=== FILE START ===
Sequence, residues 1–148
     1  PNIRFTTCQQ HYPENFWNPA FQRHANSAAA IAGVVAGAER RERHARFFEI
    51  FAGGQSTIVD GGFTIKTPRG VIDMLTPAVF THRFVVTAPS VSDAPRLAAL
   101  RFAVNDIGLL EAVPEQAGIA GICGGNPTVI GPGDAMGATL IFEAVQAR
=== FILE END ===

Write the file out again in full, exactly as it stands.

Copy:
Sequence, residues 1–148
     1  PNIRFTTCQQ HYPENFWNPA FQRHANSAAA IAGVVAGAER RERHARFFEI
    51  FAGGQSTIVD GGFTIKTPRG VIDMLTPAVF THRFVVTAPS VSDAPRLAAL
   101  RFAVNDIGLL EAVPEQAGIA GICGGNPTVI GPGDAMGATL IFEAVQAR